The Electrical Trades Union released a report in 2021 called ‘Nowhere to Go’ about the lack of adequate bathroom amenities for workers on many work sites around Australia.
The report exposes unsanitary, unsafe, inaccessible and unsuitable amenities faced by many workers in our industry and how this issue is disproportionately impacting women.
It also raises deeper issues of many employers’ outdated attitudes towards women and blue-collar workers in subjecting them to conditions which would never be tolerated in the white-collar world.
A national survey in 2022 of electrical workers revealed shocking statistics of access and standards of amenities in the electrical and other trades.
Workers are forced to use bathrooms that:
- are unclean, unhygienic or rarely cleaned
- have no running water
- have no soap
- have no locks on the door
- are locked with no available key
- have no separate female bathrooms
- have no sanitary bins for women
- are a 20 minute round trip away from the work site.
Often there are just no toilets at all.
Health and Safety
Women have many different needs for bathroom amenities – they deal with menstrual cycles, pregnancy, post-pregnancy, breastfeeding, and more. Not having adequate facilities is both a threat to their health and safety and a barrier for women’s participation in the workforce.
For men with health issues such as prostate problems, returning to work can be impossible just because of where the bathroom is. When the amenities do exist, they are often not clean or hygienic, are far away from the work site or in an unsafe location.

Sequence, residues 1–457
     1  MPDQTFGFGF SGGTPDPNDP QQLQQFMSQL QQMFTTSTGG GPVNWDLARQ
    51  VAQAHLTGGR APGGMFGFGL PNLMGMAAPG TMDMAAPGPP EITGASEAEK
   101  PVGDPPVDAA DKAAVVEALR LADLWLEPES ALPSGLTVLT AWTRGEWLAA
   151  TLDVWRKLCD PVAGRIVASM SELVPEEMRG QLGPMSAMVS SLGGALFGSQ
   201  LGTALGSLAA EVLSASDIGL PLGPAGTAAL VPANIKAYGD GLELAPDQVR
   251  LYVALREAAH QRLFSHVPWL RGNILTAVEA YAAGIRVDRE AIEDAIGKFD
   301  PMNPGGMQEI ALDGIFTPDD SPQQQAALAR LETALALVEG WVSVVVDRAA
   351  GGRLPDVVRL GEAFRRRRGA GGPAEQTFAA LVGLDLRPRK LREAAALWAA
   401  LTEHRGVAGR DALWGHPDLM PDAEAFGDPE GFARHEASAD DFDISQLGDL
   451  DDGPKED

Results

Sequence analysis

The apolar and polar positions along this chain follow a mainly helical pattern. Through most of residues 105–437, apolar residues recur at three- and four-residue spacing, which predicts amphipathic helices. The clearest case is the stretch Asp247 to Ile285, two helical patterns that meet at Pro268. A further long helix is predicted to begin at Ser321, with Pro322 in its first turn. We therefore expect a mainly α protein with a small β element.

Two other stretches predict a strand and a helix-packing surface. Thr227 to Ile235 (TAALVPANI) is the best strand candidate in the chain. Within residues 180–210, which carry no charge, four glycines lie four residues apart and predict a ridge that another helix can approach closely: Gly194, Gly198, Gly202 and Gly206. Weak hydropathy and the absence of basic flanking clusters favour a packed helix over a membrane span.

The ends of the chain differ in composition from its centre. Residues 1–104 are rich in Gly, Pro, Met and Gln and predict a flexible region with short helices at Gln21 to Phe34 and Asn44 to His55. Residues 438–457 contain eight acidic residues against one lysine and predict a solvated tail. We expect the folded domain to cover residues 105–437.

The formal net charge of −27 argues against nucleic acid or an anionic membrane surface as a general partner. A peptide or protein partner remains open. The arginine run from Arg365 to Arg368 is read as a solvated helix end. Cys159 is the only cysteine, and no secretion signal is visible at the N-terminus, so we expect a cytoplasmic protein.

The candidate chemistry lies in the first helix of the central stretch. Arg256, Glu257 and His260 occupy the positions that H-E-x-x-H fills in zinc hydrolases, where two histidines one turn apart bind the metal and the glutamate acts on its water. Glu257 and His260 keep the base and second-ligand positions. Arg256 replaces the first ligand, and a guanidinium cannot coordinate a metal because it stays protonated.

In some work sites women report simply not drinking water at all on a 12-hour shift rather than leaving their post for a half hour round trip just to use the bathroom. This is an unsafe practice that can leave workers dehydrated and fatigued – but needing to pack up a job so that one worker can be transported to the bathrooms also puts pressure on everyone to rush to get things done quicker or delay the whole job. It’s an unfair choice that workers shouldn’t have to make.
Additionally, women face major barriers when attempting to address these issues. They face employers who believe that the provision of adequate amenities will somehow provide women with ‘special treatment’.
“While I worked on wind farms – often there was a complete lack of any nearby facilities. For me, or for the men on site. The transformer in this photo – was our toilet…literally” – ETU member on a wind farm in Victoria.
“My principal contractor refused to provide the women on site with amenities. When I brought this issue up on site, he threatened me, a female electrical subcontractor, that I would receive no further contracts if I continued to ‘complain’ and refuse to use the men’s toilet.” – ETU member.
In September 2021 our Union held a follow-up workshop with union members and non-members around Australia to discuss next steps for the ‘Nowhere to Go’ campaign.
The workshop was attended by shadow minister for Sydney Tanya Plibersek and included helpful information about how to approach politicians to start the process of legislative change. The workshop also established state groups who discussed who their political target would be and when they would approach them.
ETU members also presented at the ALP Status of Women committee in October 2021.
In November 2021 the ETU Women’s Committee brought a toilet to NSW Parliament House to raise awareness of the issue among politicians and on social media.
ETU women’s committee members have presented on this issue at state and national ETU women’s conferences to spread awareness of this issue, as well as at WIMDOI.
The ETU Acting National Secretary Michael Wright spoke about this issue at the National Jobs and Skills Summit.
In October 2022 the ETU ran a national survey of thousands of members which revealed shocking results of access to and standards of amenities. The results attracted national news coverage of this issue on radio and print.
In March 2023 SafeWork in South Australia launched a crackdown on inadequate toilet facilities in the construction industry, in part due to the Nowhere to Go campaign.
Send us your toilet photos…
Email your horror bathroom photos to email@example.com with a description of the location and industry. We’ll use them as part of our campaign.